It’s not often that someone tells you that you are the very first person to have bought their book, but that’s the message I got when I followed a twitter link recently and bought an E-copy of “The Shattered Peloton – The Devastating Impact of World War I on the Tour De France” by Graham Healy (Breakaway Books £7.76 Amazon, £4.90 Kindle edition). Armed with such a privilege I thought that I should shelve everything else I was currently reading and get a review out in double quick time.
Like many others, I am intrigued by the history and geography of Le Tour and the other historical races, and the impact of World War One was clearly a defining moment in many of their infancies. As well as robbing the sport of a generation of young men, the war shaped our perception of many of the areas still visited by the Tour and the Spring Classics today. In this centenary year of the outbreak of hostilities, the Tour has shaped itself in recognition and respect of the upheaval and sacrifice caused by what was known for a very long time simply as “The Great War”. Similarly the 2014 edition of Ghent-Wevelgem was renamed ‘Ghent-Wevelgem in Flanders Fields‘ in tribute. Healy’s book is a wonderful, timely extension of the respect that cycling is paying to the anniversary.
It is also a very good political history book with, amongst other excellent dissections of the ebb and flow of the War on it’s many fronts, one of the most succinct descriptions of how Archduke Franz Ferdinand’s death, which occurred on the same day that the 1914 Tour de France commenced, snowballed into such a mega-conflict a little more than a month later.
Cataloguing the destruction wreaked on any particular set of people by a conflict of such magnitude must have been a relentlessly grim task. The well-researched book opens up doors to give glimpses of riders who have remained unheard of by most for many, many decades, only to have to close them again swiftly as their lives are snuffed out by shellfire, bullet, or bayonet. Professional cycling is a sport inhabited by young fit men and, whilst the book does make mention of some of those who were lucky enough to survive the conflict and resume their careers, most of the tales end in a headstone, a mention in dispatches, or, most poignantly, an assumption of death in lieu of any physical remains.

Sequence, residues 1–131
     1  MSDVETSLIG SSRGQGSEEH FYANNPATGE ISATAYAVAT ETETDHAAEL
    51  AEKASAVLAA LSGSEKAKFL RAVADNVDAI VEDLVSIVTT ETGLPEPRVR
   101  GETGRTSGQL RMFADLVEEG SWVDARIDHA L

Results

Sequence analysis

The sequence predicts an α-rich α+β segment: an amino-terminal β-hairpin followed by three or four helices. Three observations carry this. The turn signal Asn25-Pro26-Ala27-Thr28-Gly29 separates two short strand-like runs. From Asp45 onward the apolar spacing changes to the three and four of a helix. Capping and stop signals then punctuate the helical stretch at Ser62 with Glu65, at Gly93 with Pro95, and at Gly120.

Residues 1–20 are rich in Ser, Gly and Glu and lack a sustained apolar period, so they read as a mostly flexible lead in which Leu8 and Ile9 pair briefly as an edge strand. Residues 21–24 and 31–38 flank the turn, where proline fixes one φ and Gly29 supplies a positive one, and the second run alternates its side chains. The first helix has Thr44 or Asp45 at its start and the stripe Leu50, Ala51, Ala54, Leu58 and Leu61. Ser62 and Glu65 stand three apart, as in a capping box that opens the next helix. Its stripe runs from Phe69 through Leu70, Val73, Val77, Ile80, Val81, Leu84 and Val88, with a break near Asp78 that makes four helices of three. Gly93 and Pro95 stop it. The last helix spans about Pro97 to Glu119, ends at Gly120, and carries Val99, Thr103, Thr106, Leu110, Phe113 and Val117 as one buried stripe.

As we know, war is no respecter of personal history and alongside the names of lesser-known rouleurs are names of giants of the sport who had carved out their legends in the early years of the professional cycling scene before heeding the call to War. Many went eagerly in the first call to arms, in the mistaken belief the War would be brief and decisive. Many cyclists, adventurous men by nature, took to the skies to the early air force regiments where the death toll was even higher than in the trenches.
I was going to mention some of the more famous casualties at this point but, on reflection, that seems to miss the point somehow. You will find them in the book, along with the stories of the lesser lights, but I will leave them all equal in their sacrifice. “Cyclist. Killed in the Great War.” Though some excelled more than others a la velo they all shared the same fate and should be considered equals for that at least.
The Shattered Peloton is a hard-read in the sense that there is no ‘happy ending’. But as a record of achievement, loss and unfulfilled potential, it’s hard to think of another book that is as valid as this one is this year.
As I mentioned earlier, the names of the fallen are many and, in many cases, obscure to modern readers. My sole request for the second edition would be the addition of a index of the riders at the back of the book. Name, Date of Birth, Cycling Honours, Date of Death. I think that would make navigating the bell-tolling pages a little easier, and certainly aid revisiting the text in search of a fact in the future.
The hardcopy of The Shattered Peloton is currently available for pre-order. It will be released on 10th June. The Kindle version is available for download now.